The struggling restaurant served customers Saturday, then was closed on Sunday. A sign posted on the door encouraged customers for “visit one of our other locations” and encouraged employees to “stop by Monday or Tuesday for information on other locations and pay checks.”
While its parent company didn’t return our phone calls, a manager at American Tap Room told us early last week that it was not closing. During a second call to the restaurant, on Friday, an employee said it was “hurtful” for us to suggest that the restaurant might be closing.
ARLnow.com has heard from multiple sources that a mobile phone retailer — likely a Verizon store — will be taking over at least part of the now-former American Tap Room space.
A beloved Clarendon restaurant will be closing its doors next weekend.
Boulevard Woodgrill (2901 Wilson Blvd) will close its doors at 9 p.m. on Sunday, Aug. 7. It’s expected to be replaced by a new location of the well-regarded Capitol Hill eatery Ambar.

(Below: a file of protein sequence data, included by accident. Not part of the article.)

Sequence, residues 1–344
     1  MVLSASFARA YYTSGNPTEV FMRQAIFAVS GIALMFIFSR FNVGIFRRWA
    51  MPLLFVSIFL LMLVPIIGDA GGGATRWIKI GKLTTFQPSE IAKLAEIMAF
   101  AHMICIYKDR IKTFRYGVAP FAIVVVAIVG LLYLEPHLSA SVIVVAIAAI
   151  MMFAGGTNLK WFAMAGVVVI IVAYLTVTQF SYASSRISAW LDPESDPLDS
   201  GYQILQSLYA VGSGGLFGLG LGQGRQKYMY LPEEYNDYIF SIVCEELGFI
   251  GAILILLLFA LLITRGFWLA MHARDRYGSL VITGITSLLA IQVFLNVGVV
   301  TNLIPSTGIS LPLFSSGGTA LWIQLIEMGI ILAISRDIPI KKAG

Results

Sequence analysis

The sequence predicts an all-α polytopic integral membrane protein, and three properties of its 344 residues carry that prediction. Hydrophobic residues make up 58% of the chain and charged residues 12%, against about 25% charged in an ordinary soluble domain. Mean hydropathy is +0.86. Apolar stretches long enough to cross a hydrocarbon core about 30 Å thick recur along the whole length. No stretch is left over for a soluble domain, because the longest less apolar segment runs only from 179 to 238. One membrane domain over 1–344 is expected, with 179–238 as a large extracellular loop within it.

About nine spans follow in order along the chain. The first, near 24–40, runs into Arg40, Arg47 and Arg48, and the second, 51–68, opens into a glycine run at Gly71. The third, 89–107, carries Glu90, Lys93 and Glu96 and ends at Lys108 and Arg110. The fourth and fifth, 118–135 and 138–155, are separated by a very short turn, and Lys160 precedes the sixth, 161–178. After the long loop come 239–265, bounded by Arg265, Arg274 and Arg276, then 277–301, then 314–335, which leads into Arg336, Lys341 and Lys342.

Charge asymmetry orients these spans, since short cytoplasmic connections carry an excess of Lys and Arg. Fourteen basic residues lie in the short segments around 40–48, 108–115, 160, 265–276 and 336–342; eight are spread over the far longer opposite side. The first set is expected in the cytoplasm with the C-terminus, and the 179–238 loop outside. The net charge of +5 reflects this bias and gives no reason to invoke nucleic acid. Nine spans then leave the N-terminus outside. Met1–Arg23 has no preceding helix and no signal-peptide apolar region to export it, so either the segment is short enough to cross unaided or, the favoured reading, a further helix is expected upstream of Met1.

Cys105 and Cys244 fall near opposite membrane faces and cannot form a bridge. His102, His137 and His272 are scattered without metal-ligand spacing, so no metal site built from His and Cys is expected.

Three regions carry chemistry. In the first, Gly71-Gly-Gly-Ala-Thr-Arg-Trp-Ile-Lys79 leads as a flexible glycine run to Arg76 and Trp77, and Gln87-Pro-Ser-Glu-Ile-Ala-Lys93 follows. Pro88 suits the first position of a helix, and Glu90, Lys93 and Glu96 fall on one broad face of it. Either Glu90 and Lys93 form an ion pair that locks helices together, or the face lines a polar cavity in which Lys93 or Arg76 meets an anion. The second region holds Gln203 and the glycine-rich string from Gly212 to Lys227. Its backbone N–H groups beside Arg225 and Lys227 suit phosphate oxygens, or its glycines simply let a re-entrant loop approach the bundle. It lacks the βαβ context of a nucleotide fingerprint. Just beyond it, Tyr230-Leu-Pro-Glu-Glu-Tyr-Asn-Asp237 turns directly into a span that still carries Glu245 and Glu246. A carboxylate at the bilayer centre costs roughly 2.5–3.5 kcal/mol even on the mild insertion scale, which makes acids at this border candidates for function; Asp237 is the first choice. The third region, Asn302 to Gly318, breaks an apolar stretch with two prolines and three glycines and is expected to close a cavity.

In a statement posted on Facebook, the restaurant thanked customers for their patronage over the past decade and a half.
“After nearly 15 wonderful years of business in the heart of Clarendon, we have decided to sell our business and will be closing The Boulevard,” the restaurant said. “We have thoroughly enjoyed serving you over the years (nearly 2 million meals!) and will be forever grateful both for your support as well as the amazing efforts of our employees, both current and past. We hope you will stop in and see us a time or two before we say goodbye and perhaps down the road we’ll be able to see each other again!”
“It’s a sad day for us, but we are so happy to have had the chance to be a part of a truly wonderful community!” the restaurant added. “Onward!”
Minh Vietnamese Restaurant, located at 2500 Wilson Blvd, has closed citing lease issues and other business concerns.
There is a sign posted by the owners that reads “Dear Customers, We are very sorry to inform you that due to business concerns including our lease on this space, Minh has ceased operation effective immediately. We appreciate your patronage over the years we have been here, and we are sad to be leaving.”
The restaurant has been at that location for over 10 years and it was one of the few remaining Vietnamese restaurants in the Clarendon area, a hotbed of Vietnamese businesses before the construction of the Orange Line. It was said to be “one of the original Vietnamese restaurants that put Clarendon on the map.”